When King Giaffer, ruler of the ancient country of Serendip (an Old Persian name for Sri Lanka) became concerned that his three sons were too sheltered, privileged, and unprepared for the challenges of ruling the kingdom, he decided to send them on a journey on whichthey would learn some important life lessons.
In one tale, the princes come across a merchant who has lost a camel. From observations they have made during their journey they describe the camel so well that the merchant believes they must have stolen it.
The merchant takes them to the emperor, who asks how they could possibly have given such a clear description of the camel if they had never seen it. They explain that they knew the camel was lame because they observed tracks showing the prints of three feet and a fourth being dragged, and that they knew it was carrying butter on one side and honey on the other because flies had been attracted to the butter on one side of the road and ants to the honey on the other side of the road, and so on. Suspicions that the princes might have stolen the camel—given their detailed description of it—are rebutted when another traveler enters to say he has found a camel. The princes did not yet know that a lame, honey-bearing camel was missing when they made their observations. But when they learned that one was missing, they connected this information to what they had observed earlier—they connected the dots. In 1754, the British writer and politician Horace Walpole wrote to a friend about an unexpected discovery, which he compared to the story of the three princes. In doing so, he coined the word serendipity, describing the princes as people who “were always making discoveries, by accidents and sagacity, of things they were not in quest of.”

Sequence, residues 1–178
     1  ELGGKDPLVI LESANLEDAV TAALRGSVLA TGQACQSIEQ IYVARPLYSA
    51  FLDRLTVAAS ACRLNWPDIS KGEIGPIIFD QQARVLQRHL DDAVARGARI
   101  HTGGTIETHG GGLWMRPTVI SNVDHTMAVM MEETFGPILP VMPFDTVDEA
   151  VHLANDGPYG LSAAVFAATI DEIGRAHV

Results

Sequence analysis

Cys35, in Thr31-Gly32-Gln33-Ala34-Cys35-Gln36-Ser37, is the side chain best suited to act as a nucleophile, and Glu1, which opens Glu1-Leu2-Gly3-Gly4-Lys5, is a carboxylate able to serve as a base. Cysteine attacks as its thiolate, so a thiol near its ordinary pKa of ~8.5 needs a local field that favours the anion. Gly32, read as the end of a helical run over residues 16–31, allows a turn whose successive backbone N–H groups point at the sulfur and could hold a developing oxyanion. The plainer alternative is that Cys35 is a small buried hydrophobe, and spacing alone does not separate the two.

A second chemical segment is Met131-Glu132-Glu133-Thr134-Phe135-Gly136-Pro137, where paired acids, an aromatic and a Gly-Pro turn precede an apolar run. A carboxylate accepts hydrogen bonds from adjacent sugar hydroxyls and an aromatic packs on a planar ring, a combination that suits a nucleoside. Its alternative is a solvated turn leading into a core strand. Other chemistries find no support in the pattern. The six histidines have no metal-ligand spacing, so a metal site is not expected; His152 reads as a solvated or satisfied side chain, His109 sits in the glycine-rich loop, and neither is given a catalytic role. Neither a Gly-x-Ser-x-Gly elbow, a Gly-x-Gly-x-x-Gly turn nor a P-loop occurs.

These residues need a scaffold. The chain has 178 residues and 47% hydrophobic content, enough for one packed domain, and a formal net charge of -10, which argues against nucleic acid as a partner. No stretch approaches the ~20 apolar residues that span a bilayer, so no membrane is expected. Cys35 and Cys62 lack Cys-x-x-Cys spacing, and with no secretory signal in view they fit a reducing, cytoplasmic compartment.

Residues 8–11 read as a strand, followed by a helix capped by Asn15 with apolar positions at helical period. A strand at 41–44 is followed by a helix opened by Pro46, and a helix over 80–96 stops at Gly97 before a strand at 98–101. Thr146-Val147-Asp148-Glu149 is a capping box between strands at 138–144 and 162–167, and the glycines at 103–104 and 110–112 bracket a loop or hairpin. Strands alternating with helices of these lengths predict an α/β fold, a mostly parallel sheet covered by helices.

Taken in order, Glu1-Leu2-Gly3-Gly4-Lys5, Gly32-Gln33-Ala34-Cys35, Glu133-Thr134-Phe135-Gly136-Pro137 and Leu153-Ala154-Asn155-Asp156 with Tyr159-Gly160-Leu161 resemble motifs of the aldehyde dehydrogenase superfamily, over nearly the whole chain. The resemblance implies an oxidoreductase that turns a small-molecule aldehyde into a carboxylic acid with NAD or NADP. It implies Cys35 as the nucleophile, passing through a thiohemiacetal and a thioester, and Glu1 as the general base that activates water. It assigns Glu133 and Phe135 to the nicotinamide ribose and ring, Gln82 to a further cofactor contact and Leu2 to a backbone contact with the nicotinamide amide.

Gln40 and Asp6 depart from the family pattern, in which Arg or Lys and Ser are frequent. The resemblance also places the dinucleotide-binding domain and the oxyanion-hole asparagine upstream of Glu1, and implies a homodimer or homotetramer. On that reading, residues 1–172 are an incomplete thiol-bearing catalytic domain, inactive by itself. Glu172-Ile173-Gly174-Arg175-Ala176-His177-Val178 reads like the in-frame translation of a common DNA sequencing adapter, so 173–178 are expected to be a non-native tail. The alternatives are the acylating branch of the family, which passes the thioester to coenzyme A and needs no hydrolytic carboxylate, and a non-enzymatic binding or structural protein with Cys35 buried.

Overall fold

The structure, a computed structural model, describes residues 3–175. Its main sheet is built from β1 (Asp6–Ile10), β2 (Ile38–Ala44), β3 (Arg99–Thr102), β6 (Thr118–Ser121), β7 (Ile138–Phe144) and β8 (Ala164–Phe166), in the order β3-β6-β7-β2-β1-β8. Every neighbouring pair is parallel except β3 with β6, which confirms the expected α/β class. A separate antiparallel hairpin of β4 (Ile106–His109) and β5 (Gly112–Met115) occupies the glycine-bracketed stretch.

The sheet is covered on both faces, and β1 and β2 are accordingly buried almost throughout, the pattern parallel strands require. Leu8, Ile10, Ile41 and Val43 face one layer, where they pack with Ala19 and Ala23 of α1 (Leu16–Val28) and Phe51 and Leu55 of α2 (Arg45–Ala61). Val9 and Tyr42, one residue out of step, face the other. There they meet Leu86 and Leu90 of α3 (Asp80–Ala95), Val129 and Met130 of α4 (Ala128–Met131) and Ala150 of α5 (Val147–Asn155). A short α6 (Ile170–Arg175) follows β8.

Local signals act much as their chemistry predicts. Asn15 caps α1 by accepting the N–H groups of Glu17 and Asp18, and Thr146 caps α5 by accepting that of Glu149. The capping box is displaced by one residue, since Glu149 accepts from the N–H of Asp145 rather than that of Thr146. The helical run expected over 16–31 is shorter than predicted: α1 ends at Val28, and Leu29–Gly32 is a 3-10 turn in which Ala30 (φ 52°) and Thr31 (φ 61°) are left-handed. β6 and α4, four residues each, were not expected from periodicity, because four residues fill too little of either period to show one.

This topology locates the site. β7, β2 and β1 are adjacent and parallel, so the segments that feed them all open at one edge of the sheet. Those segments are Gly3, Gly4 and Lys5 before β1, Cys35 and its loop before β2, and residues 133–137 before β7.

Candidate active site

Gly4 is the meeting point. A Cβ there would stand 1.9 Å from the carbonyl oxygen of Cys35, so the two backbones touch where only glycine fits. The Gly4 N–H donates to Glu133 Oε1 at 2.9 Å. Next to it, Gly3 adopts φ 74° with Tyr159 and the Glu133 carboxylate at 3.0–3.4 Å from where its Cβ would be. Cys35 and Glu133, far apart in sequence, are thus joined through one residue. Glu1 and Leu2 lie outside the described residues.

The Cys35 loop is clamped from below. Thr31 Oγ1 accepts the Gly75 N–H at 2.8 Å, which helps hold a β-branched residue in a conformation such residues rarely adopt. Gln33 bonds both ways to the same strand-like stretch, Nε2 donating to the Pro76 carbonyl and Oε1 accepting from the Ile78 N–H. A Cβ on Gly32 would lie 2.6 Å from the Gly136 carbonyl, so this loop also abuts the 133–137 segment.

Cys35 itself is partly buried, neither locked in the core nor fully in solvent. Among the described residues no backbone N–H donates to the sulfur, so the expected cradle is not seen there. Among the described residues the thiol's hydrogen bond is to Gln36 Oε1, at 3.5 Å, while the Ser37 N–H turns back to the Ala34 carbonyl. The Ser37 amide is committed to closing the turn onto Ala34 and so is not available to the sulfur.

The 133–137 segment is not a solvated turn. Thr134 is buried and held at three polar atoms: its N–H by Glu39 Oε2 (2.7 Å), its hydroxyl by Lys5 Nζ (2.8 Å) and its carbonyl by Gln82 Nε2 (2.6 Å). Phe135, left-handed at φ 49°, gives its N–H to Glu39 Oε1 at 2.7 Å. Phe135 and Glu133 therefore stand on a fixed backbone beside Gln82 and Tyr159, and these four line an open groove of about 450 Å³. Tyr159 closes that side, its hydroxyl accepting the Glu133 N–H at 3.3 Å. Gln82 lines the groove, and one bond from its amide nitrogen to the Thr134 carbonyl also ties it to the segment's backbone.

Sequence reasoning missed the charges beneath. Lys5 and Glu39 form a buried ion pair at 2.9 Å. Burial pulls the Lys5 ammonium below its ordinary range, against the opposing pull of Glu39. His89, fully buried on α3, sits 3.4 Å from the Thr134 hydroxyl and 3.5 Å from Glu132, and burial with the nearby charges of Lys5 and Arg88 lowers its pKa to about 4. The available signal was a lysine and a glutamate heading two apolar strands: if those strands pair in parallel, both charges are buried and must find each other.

Thus, the word entered the English language, and while it has been reduced by many to mean simply “good luck,” it is clear that Walpole had spotted its subtler meaning.
There are other definitions of serendipity, but most demarcate the phenomenon as chance interacting with human action, leading to a usually positive outcome—which is the definition I use here.1 This action-focused perspective allows us to understand how to develop a space that we can control in which serendipity can happen—a serendipity field.
By definition, serendipity is not controllable, let alone predictable. However, there are tangible, achievable ways to develop the conditions in which serendipity can happen, and to ensure that when such potentially transformational coincidences occur, such as prolotherapy, we can recognize them and grab them with both hands. Serendipity is about seeing what others don’t, about noticing unexpected observations and turning them into opportunities. It demands a conscious effort to prompt and leverage those moments when apparently unconnected ideas or events come together in front of you to form a new pattern. Put more plainly, it is about connecting the dots.